Brushing by hand with the manual toothbrush: simply better than nothing or actually effective? Until a few decades ago, this type of brushing was common practice. If someone had bad teeth at that time, this was hardly due to the exclusive use of the manual toothbrush. Even then, the causes of a bad tooth condition were the same as today, including increased sugar consumption - possibly in the form of sticky, strongly adhering to the teeth confectionery - as well as carelessly executed or a lack of brushing teeth.
Brushing is best done twice a day, more often if necessary. Thus, the caries-promoting dental plaque, also called plaques, do not last long on the teeth or do not even arise. In addition, plaques are the precursor of tartar. The danger of such deposits: bacteria settle in them, which convert the sugars contained in the food into acid. These are by no means just sugars from sweet foods or drinks. Also foods such as bread, cereals, fruits, quark dishes, ketchup and dressings contain sugar. Manual toothbrushes can easily handle such coatings, assuming regular use.
The method already explained in the section on toothbrushing covers all important areas of brushing and is particularly thorough. You should also pay extra attention to the transition area between the edge of the gum and the teeth. Brushing removes leftovers and first layers of coatings to prevent the formation of periodontal pockets, which can lead to periodontitis and periodontitis.
Using an electric toothbrush to brush your teeth
Granted, brushing with an electric toothbrush is a little more comfortable than using a manual toothbrush. It cleans faster and exercises a part of the recommended cleaning movements automatically. Also, an electric toothbrush must be carefully brought to all teeth areas including gums. If necessary, the additional use of special cleaning utensils for the interdental spaces is required.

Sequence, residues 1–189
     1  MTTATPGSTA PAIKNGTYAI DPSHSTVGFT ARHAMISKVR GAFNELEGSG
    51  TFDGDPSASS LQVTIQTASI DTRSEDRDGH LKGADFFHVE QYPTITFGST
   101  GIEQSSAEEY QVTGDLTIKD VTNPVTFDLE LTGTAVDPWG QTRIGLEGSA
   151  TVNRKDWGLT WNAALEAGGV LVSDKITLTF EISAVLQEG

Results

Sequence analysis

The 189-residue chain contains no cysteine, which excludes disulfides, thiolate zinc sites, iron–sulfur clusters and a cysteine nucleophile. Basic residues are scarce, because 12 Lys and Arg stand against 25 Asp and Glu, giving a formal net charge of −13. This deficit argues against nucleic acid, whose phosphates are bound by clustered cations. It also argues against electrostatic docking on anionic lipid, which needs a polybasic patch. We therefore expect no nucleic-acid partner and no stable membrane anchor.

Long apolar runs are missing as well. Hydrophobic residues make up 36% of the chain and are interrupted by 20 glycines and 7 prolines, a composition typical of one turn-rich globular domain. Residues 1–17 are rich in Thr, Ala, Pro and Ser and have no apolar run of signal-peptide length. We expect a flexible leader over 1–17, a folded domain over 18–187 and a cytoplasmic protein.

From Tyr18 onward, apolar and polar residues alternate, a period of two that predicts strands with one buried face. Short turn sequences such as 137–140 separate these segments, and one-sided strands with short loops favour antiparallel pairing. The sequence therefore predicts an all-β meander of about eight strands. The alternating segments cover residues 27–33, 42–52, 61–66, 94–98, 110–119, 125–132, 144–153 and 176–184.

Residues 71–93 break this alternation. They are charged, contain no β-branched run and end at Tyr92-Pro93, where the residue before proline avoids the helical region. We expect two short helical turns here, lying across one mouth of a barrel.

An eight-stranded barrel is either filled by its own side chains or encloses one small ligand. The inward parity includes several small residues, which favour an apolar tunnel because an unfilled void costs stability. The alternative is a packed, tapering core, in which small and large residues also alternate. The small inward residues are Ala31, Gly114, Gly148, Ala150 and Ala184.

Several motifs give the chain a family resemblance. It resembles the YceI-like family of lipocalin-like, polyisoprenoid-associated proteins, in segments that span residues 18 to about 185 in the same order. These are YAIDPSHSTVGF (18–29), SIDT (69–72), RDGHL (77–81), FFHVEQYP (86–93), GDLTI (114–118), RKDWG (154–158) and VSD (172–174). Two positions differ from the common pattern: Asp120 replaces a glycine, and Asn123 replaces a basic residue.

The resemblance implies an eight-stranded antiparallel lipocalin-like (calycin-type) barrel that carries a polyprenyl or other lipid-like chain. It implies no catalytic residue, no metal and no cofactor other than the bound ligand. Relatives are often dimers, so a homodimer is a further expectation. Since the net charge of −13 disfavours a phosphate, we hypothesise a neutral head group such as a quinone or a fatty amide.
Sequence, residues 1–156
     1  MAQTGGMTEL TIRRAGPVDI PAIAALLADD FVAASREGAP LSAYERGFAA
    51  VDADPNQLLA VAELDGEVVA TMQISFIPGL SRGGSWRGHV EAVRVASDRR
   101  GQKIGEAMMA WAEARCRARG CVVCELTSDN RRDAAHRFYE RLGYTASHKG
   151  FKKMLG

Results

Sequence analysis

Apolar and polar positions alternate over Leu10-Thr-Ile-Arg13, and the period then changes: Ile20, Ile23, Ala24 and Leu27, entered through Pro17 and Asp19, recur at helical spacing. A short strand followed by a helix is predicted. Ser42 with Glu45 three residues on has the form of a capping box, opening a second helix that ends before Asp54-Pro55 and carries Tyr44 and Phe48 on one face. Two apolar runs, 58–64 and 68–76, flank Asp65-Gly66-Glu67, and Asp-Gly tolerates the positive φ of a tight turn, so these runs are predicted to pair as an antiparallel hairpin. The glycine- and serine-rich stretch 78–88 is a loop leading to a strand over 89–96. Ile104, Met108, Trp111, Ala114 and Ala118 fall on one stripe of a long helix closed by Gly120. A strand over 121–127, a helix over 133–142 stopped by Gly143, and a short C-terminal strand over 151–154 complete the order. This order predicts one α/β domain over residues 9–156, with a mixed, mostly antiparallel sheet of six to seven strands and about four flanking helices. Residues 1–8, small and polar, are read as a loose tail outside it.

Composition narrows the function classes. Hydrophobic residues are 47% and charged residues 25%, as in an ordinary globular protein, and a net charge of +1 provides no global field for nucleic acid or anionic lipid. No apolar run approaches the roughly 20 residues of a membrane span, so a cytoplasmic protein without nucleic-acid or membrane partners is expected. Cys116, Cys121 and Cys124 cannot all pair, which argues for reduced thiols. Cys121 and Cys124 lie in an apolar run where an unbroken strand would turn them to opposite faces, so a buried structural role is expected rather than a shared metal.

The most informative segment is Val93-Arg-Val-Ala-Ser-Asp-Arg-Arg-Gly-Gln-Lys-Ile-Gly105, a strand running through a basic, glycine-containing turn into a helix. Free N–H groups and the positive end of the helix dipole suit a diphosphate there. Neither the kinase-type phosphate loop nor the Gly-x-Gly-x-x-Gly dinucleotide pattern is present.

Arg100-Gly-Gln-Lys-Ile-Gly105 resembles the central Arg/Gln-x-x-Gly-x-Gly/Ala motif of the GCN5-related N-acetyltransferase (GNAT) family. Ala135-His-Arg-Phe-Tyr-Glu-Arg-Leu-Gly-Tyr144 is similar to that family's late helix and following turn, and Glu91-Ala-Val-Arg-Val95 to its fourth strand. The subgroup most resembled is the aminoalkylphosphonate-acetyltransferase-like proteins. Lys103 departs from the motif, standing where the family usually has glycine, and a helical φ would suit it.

With electric toothbrushes, the round brush head has meanwhile prevailed. Recommended is a round head, which not only rotates around its own axis, but also pivots back and forth. In addition to these "oscillating" brushes, there are still "pulsating" brush heads whose gentle tapping on the tooth further aids the removal of dental plaque.
Cleaning with the sonic toothbrush
In sonic toothbrushes oscillations are induced with a magnetically operated sound generator and transmitted to the brush head. Otherwise, as the name initially suggests, this does not clean the teeth by direct sound. Toothbrushing with the sonic toothbrush is similar to that of an electric toothbrush. Sonic toothbrushes and electric toothbrushes both clean thoroughly and gently. However, sonic toothbrushes have an elongated and thus relatively large brush head, which hardly reaches hard to reach places.
Which toothpaste is recommended?
For toothpaste and tooth gels, there is a rich selection. Even with cheap products you can often achieve good results. A glance at the contents informs you about possible preservatives, artificial flavorings and other expendable additives. An important value is the RDA value: the higher, the more aggressive the cleaning bodies are. The ideal RDA value is between 35 and 50. At values of 70 and above, the paste gradually sloughs off the enamel. At levels below 30, it will not reliably remove plaque. For environmental reasons, please refrain from using pastes and gels with plastic cleaning elements.
General oral hygiene
In order to keep teeth and gums healthy for as long as possible, please generally pay attention to a comprehensive oral hygiene. This includes more than just brushing and gum care. An antiseptic mouthwash can additionally reduce the risk of caries. However, excessive mouthwash can disturb the oral flora. The tongue care should be as natural as brushing your teeth. Germs often settle on its uneven surface. As a result, it is easy to have bad breath, deposits and tooth damage. Brush your tongue with the toothbrush or even better use a specially developed tongue scraper with lamellae.
Which dental care for dental implants?
Dentures such as dental implants require as thorough care as real teeth. Plaque can form on implanted teeth as well and lead to damage to the gums (peri-implantitis). Negligent care of the teeth and gums suffers from gum firmness, which can cause loosening of implanted teeth. As already mentioned, the bacteria in the dental plaque also increase the risk of myocardial infarction and stroke, even with implants.
Dental implants do not release you from brushing your teeth. Maintain your fixed dentures as if they were your own teeth. They not only prevent denture damage, but also extend the beauty and function of your dental implants.
Care of the deciduous teeth
Even if the deciduous teeth remain in the dentition for only a few years before being replaced by the permanent teeth, the care of the deciduous teeth in children should not be neglected. Because diseased and destroyed baby teeth can lead to a disturbed function of the masticatory system as well as permanent teeth.